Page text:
African Americans: Facing Mental Illness, Experiencing Recovery | NAMI: National Alliance on Mental Illness

Posted on July 27, 2004

Arlington, VA — African Americans face unique challenges in confronting mental illness and finding paths to recovery, which will be the focus of a symposium organized by NAMI (National Alliance for the Mentally Ill) on September 8, 2004, in Washington, D.C.

"The symposium is of importance not only to African Americans, but to every community," said Maria-Jose Carrasco, director of NAMI’s Multicultural Action Center (MAC). "No matter what a person’s race, color or ethnic heritage, we all are at risk from the fragmentation, cultural incompetence, and other inadequacies in the nation’s mental health care system. To achieve reform, we must understand each other’s needs."

Olympic gold medalist (1996) Derrick Adkins will provide testimony that "Recovery is Possible." Presidents of national organizations and other African American community leaders participating in the symposium include:

  • Dr. Glora Pitts, president, Black Psychiatrists of America
  • Dr. Donna Barnes, President of the National Organization for People of Color Against Suicide
  • King Davis, Ph.D., president of the African American Leadership Council and director of the Hogg Foundation for Mental Health
  • Dr. Michelle Clark, Chair, Black Psychiatrist Committee, American Psychiatry Association
  • Dr. Rahn Bailey, director, Law & Psychiatry section of the National Medical Association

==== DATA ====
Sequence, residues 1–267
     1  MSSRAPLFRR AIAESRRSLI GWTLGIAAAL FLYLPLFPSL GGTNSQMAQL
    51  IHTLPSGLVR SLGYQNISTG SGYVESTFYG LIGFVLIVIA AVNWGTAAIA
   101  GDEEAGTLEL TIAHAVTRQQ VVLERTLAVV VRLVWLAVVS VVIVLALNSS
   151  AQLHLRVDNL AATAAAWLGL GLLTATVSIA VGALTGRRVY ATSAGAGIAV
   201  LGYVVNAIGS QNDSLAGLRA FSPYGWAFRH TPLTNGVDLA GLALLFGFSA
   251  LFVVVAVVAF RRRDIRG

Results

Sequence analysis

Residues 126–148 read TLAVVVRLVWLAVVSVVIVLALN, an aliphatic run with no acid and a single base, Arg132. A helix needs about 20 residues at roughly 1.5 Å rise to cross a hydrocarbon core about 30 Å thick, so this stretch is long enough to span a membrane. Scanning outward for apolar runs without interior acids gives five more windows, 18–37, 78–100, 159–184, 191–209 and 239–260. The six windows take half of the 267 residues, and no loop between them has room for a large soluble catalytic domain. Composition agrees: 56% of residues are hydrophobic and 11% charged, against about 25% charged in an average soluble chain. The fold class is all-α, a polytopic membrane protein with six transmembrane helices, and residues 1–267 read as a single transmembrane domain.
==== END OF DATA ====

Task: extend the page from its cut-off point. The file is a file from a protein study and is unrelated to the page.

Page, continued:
• Arthur Evans, Ph.D., Deputy Commissioner of Mental Health, Connecticut
  • Frances Priester, director of the Office of Consumer & Family Affairs, District of Columbia Department of Mental Health
  • Dr. William Lawson, Chair, Howard University Department of Psychiatry
  • Joe Powel, Executive Director, Association for Persons Affected by Addictions (Dallas, Texas)

The symposium will coincide with NAMI’s annual convention on September 8-12. Featured speakers also will include NAMI leaders from California, the District of Columbia, Louisiana, Maryland, New York, Ohio, and South Carolina.

Symposium topics include:

  • Access to Culturally Competent Mental Health Services
  • African Americans and Suicide
  • Criminalization of African Americans with Mental Illness
  • Dual Diagnosis: Mental Illness and Substance Abuse
  • The Experience of Trauma in the African American Community
  • Greater Hope: An African American Perspective
  • Historical and Mental Health Perspectives of the African-American Community
  • Research Updates and Culturally Proficient Treatment
  • Voices of Recovery: African American Families Speak Out


This is a unique opportunity, at a single event, to meet leading African American experts and individuals with personal stories about mental illness.


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